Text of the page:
In my last post, I introduced the concept of extending the separation of concerns beyond the common MVC pattern. While separating the front end of the application into the Model/View/Controller objects is certainly a good thing, we can continue to extend the layers beneath the MVC and continue to gain great leverage.
Let’s start with the Application Services Layer. An ASL class should implement an interface with methods explicitly representing a particular domain in your application. The methods comprising the interface of an ASL class would explicitly match the names of your defined Use Cases. Each collection of methods represents what might be considered, and could eventually end up being implemented as, a component in your system. A small application may have only one such class, but a complex enterprise application could have dozens of these classes.
“But wait,” you say, “Now I have to define and implement an entirely new layer of classes and methods for my system? What a big pain…” Well, actually it shouldn’t be. You see, there’s really not much that you have to do other than to define what those methods are in each interface that represent your system’s functions and to implement each one. In fact, most ASL methods typically consist of only a few lines of code at most, simply passing down requests from a Controller either to fetch or process data from a method in a Repository or Service class which does the actual work. And if you haven’t already defined these methods or actions, I’d say you haven’t really done your design homework properly; it suggests that you haven’t yet defined the set of functions that your application is supposed to support.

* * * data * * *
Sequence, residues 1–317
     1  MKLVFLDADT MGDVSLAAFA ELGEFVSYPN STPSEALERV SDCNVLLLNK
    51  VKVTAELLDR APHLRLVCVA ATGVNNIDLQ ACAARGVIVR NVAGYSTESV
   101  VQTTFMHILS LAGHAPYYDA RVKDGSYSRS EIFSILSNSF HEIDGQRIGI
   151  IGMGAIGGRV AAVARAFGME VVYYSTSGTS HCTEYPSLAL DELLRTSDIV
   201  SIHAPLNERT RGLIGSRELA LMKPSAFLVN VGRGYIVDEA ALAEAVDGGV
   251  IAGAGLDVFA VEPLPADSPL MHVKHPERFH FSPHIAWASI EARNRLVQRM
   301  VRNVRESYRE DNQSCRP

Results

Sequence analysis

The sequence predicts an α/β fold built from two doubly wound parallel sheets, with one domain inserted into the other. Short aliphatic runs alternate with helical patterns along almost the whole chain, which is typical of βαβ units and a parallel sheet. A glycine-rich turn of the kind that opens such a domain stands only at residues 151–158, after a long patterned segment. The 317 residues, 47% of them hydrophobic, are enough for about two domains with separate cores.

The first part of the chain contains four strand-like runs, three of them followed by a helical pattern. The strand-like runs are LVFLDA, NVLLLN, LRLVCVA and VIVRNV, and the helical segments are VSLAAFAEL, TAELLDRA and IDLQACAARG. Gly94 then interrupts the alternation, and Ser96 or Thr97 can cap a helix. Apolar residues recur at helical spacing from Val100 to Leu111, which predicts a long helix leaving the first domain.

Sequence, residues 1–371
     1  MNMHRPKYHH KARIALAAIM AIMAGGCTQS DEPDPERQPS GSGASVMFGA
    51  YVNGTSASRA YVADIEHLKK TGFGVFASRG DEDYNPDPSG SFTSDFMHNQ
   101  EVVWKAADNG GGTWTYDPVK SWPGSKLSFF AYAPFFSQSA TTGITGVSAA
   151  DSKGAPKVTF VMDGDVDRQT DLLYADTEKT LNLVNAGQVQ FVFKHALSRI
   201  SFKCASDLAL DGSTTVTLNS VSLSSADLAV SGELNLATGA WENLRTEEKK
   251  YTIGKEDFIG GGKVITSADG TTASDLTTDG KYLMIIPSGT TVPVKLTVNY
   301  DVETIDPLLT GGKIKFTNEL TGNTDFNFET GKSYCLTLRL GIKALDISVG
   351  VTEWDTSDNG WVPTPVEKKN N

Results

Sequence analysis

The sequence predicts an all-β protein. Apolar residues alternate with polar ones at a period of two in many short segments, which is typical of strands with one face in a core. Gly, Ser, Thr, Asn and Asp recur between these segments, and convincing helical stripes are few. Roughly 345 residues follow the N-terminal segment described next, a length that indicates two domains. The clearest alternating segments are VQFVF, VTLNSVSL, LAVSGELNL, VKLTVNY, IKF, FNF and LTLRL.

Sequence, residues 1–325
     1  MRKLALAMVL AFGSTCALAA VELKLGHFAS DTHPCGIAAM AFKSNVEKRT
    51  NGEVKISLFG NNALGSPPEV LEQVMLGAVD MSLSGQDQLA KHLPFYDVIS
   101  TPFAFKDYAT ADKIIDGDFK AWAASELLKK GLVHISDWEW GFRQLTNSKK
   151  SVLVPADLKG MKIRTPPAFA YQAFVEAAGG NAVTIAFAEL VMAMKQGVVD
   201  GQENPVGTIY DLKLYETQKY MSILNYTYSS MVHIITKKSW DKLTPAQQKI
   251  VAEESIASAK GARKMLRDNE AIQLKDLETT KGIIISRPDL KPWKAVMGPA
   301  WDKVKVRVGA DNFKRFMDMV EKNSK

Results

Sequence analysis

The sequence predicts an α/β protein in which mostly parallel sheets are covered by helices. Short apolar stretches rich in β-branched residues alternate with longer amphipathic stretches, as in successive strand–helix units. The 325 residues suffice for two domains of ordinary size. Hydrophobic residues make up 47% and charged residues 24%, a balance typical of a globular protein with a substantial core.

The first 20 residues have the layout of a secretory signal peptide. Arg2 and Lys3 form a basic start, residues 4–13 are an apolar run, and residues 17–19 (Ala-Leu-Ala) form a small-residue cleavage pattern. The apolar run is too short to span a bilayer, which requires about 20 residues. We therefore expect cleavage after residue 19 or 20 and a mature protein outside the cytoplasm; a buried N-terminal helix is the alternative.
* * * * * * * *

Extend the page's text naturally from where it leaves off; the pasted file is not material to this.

We believe that these explicit user and system processes need to be clearly defined and represented within the class structure of any application. They are what your system does, and represent your system’s API. They do not necessarily pertain to only one business entity, nor do they even necessarily rely on a visual user interface. They might represent application functionality that you want to expose through a web service to external applications, or that would be called by one or more pages in your web application, or forms in your desktop application.
So, properly implementing the ASL insures that you have designed and built into your system those very functions that map to the requirements that you should be continually defining and refining with your project stakeholders. If it turns out that the interface to your ASL doesn’t contain a method that supports a particular required feature, somebody dropped the ball somewhere. If you can write a suite of tests with one test method for each of your ASL methods, you have now created an Acceptance Level test suite that proves to your stakeholders that the application is at least designed to do what it is supposed to do; whether or not it actually functions correctly is a different matter.
In my next post I’ll dig into the Repository layer where you can encapsulate all of the logic necessary to manage the data flow into and out of your application…